Sacrament of Bodies

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Sacrament of Bodies

Romeo Oriogun

African Poetry Book Series

78 pages

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Paperback

March 2020

978-1-4962-1964-0

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eBook (EPUB)

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March 2020

978-1-4962-2096-7

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eBook (PDF)

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March 2020

978-1-4962-2098-1

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About the Book

In this groundbreaking collection of poems, Sacrament of Bodies, Romeo Oriogun fearlessly interrogates how a queer man in Nigeria can heal in a society where everything is designed to prevent such restoration. With honesty, precision, tenderness of detail, and a light touch, Oriogun explores grief and how the body finds survival through migration.
 

Author Bio

Romeo Oriogun was born in Lagos, Nigeria. He is the author of the chapbooks Burnt Men, The Origin of Butterflies, and Museum of Silence. He was the winner of the 2017 Brunel International African Prize and has received fellowships from Harvard University’s English Department, the IIE-Artist Protection Fund, Oregon Institute for Creative Research, and the Hutchins Institute of African and African American Research. He lives in Iowa, where he is an MFA candidate for poetry at the Iowa Writers’ Workshop.
 

Praise

Sacrament of Bodies is a very special book. But why? Because Romeo Oriogun has developed a style that is both personal and mythical, because these poems are sensual and spiritual at once, because they give us both a story and a song, a shout and a whisper. ‘I have learnt to love every broken thing,’ Oriogun tells us. I find that Oriogun’s tension between the high style of a sermon and the earthiness of love songs gives these poems a particularly memorable touch. It is memorable also because it is able to give us a journey (through time, through forgetting, through elegy, through exile) that is both a story of a real man in real time and an incantation, a speaking in tongues. But it is his music that finally sways me, it’s music that lifts it all, that makes out of truth-telling a song. The music works here because Oriogun is a master of incantation: ‘I danced,’ he tells us, ‘as if I knew every song had a door.’ Indeed. I love this beautiful, heart-wrenching, passionate book.”—Ilya Kaminsky, author of Deaf Republic
 

Sacrament of Bodies is a gorgeous book filled with fiery pain and ecstatic desire. These poems are spacious enough to hold all the contradictions: the violence waged against gay people and the body’s insistence on love, the tenderness of flesh and the carnage of war, remembering and forgetting, silence and song. Romeo Oriogun has wrought complex, elegant poems that wrench beauty from all that would kill us. As he writes, ‘I worship the day because it survived the night.’ I admire these poems immensely. They make me stronger.”—Ellen Bass, author of Indigo and Like a Beggar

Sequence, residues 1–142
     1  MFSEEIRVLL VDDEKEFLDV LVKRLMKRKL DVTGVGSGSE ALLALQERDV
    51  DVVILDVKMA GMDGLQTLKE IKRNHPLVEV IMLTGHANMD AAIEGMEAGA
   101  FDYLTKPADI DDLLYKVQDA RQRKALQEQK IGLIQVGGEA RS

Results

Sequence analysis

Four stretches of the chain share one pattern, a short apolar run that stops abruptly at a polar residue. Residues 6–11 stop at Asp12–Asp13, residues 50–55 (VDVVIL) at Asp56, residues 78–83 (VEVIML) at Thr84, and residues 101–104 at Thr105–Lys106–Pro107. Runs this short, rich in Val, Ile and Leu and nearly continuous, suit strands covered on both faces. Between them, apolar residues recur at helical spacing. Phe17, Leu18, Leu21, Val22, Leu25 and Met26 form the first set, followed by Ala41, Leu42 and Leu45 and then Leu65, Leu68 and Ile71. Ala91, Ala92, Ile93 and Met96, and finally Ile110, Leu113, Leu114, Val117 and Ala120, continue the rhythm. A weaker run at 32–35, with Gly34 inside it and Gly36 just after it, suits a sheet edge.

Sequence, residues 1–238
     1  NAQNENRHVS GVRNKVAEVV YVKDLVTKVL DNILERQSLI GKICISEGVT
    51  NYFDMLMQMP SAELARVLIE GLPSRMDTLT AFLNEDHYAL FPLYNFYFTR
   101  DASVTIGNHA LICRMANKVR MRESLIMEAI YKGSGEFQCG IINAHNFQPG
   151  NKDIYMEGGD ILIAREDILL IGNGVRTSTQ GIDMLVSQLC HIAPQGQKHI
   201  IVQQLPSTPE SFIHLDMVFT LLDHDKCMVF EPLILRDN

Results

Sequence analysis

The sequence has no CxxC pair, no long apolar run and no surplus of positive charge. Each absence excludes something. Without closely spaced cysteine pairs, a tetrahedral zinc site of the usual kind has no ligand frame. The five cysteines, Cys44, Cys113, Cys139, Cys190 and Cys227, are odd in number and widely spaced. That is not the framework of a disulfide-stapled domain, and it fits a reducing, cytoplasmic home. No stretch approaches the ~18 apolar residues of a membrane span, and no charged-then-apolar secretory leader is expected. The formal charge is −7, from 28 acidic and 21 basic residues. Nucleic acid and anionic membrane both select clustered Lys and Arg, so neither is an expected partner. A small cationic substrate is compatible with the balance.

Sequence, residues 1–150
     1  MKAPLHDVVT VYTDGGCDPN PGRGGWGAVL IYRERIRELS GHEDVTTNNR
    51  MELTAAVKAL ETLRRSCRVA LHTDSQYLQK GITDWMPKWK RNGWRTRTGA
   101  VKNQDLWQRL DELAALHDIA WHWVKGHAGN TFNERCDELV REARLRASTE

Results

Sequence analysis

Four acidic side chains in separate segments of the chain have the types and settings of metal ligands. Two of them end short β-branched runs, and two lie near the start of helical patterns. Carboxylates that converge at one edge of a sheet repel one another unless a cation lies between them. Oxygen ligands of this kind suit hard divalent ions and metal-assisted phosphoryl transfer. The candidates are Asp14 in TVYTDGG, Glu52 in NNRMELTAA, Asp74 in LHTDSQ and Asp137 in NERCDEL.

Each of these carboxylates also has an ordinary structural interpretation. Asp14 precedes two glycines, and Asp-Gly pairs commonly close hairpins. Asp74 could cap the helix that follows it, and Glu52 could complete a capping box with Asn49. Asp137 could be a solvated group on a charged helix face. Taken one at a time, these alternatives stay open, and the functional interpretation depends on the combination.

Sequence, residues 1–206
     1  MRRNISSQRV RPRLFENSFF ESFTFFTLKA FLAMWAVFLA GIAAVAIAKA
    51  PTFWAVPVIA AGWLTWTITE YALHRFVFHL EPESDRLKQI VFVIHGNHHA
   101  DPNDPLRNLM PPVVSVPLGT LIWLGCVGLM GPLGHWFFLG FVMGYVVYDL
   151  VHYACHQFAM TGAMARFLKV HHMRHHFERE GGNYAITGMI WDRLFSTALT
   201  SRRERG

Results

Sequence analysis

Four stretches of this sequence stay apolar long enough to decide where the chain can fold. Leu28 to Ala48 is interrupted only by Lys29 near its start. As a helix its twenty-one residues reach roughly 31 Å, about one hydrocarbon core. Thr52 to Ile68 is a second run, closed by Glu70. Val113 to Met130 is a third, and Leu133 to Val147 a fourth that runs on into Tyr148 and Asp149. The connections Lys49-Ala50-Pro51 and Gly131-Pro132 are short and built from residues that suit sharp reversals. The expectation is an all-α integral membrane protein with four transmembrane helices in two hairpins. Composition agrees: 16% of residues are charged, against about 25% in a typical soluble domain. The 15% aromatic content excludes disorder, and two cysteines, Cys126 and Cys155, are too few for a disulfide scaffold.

"In African poetry, where queer poetry still appears on the margins, Sacrament of Bodies harnesses the expression and truth that appeals to those of us who feel the need to shout and have raw conversations about the rights of queer people."—Tikondwe Kaphagawani Chimkowola, Africa in Words

Table of Contents

Before Your Mama Knew Us as Light    
The Ritual of Giving a Body Its Name    
Cathedral of a Broken Body    
Departure    
Kumbaya    
Saddest Night Alive    
Elegy for a Burnt Friend    
Coming Out    
How to Survive the Fire    
At Udi    
Denial    
The Guilt of Exile    
To the Man Who Mocked My Scared Body    
Boy    
Pink Club    
Before You Leave    
The Birthday    
A Viral Picture    
Satan Be Gone    
What We Do Not Want    
The Lost Chapter of the Bible Written After God Stopped Receiving the Smoke of Burnt Flesh    
Elegua    
The Queer Boy Remembers Colonization    
Sacrament of Bodies    
I Do Not Want My Body to Fly    
My Body Is No Miracle    
My Tinder Date Speak of Fruits    
A Reversed Epithalamium or What Didn’t See the Light    
Heaven Is a Back Alley without God    
Goodbye    
Exile    
Battle of the Rams    
Finding Home    
What the World Won’t Show Us    
On Forgetting    
Everything Must Die    
On the 23rd Death Anniversary of My Father    
Prelude to Freedom    
Sermon of Pain    
Meeting My Mother through Death    
After a Blackout    
Acknowledgments    

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